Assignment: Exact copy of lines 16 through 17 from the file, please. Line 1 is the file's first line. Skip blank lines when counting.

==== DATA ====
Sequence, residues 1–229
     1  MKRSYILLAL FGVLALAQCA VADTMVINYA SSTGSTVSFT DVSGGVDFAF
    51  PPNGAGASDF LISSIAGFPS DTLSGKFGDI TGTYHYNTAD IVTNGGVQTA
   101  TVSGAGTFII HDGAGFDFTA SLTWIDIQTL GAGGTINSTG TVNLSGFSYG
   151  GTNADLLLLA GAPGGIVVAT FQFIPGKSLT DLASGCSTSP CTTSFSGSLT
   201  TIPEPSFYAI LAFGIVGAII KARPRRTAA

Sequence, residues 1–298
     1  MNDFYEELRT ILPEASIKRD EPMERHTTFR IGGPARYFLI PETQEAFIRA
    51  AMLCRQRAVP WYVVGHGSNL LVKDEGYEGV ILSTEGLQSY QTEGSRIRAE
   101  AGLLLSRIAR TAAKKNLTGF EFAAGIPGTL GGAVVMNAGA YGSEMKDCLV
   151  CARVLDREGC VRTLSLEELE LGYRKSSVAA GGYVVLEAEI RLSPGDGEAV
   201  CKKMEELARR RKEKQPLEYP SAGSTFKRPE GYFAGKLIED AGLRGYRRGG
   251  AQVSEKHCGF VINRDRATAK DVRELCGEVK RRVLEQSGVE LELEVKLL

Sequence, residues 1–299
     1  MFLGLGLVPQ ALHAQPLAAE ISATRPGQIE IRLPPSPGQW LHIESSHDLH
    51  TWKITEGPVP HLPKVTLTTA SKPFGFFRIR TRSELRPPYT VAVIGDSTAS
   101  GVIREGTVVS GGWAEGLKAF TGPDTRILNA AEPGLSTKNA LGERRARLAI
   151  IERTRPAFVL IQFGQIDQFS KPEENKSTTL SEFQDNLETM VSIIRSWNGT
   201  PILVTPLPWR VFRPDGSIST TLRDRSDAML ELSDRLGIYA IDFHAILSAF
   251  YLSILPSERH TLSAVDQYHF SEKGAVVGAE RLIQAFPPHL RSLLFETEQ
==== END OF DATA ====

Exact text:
    51  TWKITEGPVP HLPKVTLTTA SKPFGFFRIR TRSELRPPYT VAVIGDSTAS
   101  GVIREGTVVS GGWAEGLKAF TGPDTRILNA AEPGLSTKNA LGERRARLAI